Jump to content

Tenant left 1/2 way thru contract


Recommended Posts


I am new to the BTL industry. I recently let my 2 yr old flat to a Tenant, who at the time agreed if she went on a 12 month tenancy, we would drop rent by £45pcm. After 6 months the rent stopped coming and after 2 weeks of no rent and communication, she posted keys to Letting Agent, stating she no longer wishes to live there. So I was sort of pleased, as at least if she was not going to pay, at least she left.

However when I went to property, she completely trashed it...there were needles and other drug implements around the property, the wall were all marked, her Dog(did not know she had one) ripped a 3ftx3ft hole in my new lino in bathroom, etc etc etc. This devasted me, it is a newish property, and for someone to live in it and leave it such a way is unbelievable.

However my Question is, is she still liable for Utility bills, council tax and rent until I find a new tenant, as she signed for 12 months and left after 6 1/2. ( and also new lino & cleaning/restoration bills).

I would very much appreciate if someone could advise, as my agent does not seem that interested.

Many Thanks in advance


I have her parents address and her employers(she is a youth worker...God help them!!!).

Link to comment
Share on other sites

Hi Kerry,

Was this let under full mangement with the letting agent? If so you have been let down badly.

Did this 12 month AST have a six month break clause? Personally, in future, I would not fall for the 'reduced rent' mullarkey as you don't know if tenant will be any good and why should you want to reduce rent? Agree a sensible rent at the outset for 6 months, renewable if all goes well.

I suggest you read the meters and inform the utility companies and tell the council tax dept. that your tenant has done a runner and that the flat is empty. That is the end of that part.

You have to ask yourself is it worth pursuing her for the next 6 months rent? Person on drugs, couped up dog - no it isn't. Where was her deposit because the repairs should come from this? If LA has it get him to cough up. Take photos of damage before repairs as evidence and get re-let asap using new agent or have a go youself.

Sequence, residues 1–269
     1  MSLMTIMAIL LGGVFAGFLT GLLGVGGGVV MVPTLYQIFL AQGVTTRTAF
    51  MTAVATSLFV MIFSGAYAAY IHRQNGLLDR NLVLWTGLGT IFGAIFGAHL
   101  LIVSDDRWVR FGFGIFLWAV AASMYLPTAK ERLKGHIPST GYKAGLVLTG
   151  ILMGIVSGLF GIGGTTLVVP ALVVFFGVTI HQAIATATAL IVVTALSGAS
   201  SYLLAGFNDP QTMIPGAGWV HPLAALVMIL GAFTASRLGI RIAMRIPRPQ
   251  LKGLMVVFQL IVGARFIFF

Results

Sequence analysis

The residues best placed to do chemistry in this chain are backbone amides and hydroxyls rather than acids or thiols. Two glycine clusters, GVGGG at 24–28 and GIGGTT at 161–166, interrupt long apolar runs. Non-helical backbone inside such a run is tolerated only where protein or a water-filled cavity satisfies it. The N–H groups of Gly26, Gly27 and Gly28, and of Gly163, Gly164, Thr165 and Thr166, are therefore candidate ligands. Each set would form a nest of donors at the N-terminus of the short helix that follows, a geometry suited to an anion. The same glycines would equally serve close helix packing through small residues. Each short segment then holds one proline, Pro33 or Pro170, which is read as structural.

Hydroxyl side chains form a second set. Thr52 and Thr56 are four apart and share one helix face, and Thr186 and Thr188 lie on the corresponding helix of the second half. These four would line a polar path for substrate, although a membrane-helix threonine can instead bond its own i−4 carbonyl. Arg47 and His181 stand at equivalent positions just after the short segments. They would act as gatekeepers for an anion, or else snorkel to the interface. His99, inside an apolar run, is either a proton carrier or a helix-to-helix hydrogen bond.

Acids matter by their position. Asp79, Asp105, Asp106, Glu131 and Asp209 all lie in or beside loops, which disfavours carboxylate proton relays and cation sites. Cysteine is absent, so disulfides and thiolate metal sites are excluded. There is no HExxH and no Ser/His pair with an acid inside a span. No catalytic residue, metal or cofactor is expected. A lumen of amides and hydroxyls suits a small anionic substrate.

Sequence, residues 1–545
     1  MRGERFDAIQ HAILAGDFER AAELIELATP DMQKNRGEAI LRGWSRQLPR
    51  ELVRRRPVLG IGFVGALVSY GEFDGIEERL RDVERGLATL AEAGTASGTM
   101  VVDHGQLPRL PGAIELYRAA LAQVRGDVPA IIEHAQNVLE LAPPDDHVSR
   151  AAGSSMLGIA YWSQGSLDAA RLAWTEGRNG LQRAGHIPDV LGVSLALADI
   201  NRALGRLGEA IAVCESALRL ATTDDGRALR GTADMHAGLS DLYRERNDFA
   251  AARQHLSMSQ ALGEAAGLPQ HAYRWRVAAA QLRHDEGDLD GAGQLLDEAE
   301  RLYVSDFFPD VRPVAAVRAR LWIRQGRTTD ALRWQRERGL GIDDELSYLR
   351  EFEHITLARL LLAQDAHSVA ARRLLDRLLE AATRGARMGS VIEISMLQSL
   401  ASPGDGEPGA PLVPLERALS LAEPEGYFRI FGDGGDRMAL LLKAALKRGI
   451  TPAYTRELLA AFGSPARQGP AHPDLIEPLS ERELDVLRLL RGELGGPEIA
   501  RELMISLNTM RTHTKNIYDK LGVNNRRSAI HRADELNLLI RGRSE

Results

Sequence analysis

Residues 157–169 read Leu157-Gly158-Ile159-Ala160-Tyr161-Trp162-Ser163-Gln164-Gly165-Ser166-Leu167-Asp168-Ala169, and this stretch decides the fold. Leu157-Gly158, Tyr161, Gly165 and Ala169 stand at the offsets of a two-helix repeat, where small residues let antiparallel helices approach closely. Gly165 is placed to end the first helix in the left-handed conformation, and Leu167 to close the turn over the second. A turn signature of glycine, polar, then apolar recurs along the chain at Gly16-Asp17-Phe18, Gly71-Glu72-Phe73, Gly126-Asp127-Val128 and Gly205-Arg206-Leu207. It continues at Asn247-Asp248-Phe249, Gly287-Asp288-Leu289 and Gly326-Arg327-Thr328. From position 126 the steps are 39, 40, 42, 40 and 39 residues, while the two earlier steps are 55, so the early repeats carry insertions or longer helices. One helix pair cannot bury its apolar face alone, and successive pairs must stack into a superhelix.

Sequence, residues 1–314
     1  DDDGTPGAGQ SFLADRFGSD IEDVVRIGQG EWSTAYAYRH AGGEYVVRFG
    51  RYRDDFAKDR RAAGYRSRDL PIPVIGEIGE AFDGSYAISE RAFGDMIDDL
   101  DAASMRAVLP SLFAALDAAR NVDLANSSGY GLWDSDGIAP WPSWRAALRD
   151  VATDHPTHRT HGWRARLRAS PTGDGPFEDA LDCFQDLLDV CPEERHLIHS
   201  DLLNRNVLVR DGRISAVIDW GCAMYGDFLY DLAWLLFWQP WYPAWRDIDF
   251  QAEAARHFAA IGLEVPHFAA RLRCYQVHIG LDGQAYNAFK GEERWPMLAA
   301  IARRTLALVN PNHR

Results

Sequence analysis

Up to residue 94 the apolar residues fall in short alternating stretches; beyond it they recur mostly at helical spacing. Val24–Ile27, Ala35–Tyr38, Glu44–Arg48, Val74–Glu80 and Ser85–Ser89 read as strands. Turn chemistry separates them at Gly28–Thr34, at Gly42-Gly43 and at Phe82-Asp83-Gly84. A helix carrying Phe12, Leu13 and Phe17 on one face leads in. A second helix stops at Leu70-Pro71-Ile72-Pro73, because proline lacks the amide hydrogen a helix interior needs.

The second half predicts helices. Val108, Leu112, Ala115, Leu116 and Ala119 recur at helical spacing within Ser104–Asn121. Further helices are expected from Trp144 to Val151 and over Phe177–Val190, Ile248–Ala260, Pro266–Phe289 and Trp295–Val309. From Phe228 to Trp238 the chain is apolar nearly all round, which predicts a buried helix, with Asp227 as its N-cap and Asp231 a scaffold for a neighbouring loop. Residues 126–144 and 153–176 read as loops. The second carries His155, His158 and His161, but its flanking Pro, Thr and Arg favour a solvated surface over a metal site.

I think you were lucky she left of her own accord!


Link to comment
Share on other sites


You have a difficult situation, but personally I would give it a go. Former tenant debts are very difficult to collect, but the category that is often more productive than others is tenants in employment.

Some thoughts:

1. Council tax depends upon occupancy, so if she doesn’t occupy, shes not liable to the local authority. You will probably get empty property relief on your liability. You may then be able to sue her for any payments you make during the fixed period if the tenancy agreement is clear on this issue.

2. The utility companies will generally end the supply in her name if she has moved out, but clearly she is responsible for any charges and consumption until that time. If there are any standing charges after she has moved out, these will probably fall to you and again whether you can sue her for them depends on whether your tenancy agreement makes this clear.

3. With regard to the rent she is liable for the full amount until the end of the fixed period, provided that is you rtenancy agreement is clear on this point and that you havent done anything which could be construed as inviting or accepting an early departure.

So, my advice would be to add up all she owes, gather all the evidence you can, and write to her at her parents address and her employers address. By all means mark the latter P & C, but in both make it clear that if she doesnt contact you to negotiate then you intend to apply for a money judgement and subsequently for an attachment of earnings order, under which her employers will be obliged to make deductions from her salary. Employers dont have to give you details at this stage, but when and if you apply for an order they are obliged to notify the court of her details - assuming of course she is still employed by them.

This kind of debt is undoubtedly very difficult to collect but I do think that landlords sometimes give up a bit too soon, based on my experience. Many people really dont want their employers to get involved and will pay up to avoid the embarassment. Others just dont understand that the court has the power to force their employer to make a deduction - or perhaps they just dont believe the landlord will take the effort to follow through. So, my advice is give her a bit of a surprise, in the nicest possible way.

Good luck


Link to comment
Share on other sites


This topic is now archived and is closed to further replies.

  • Create New...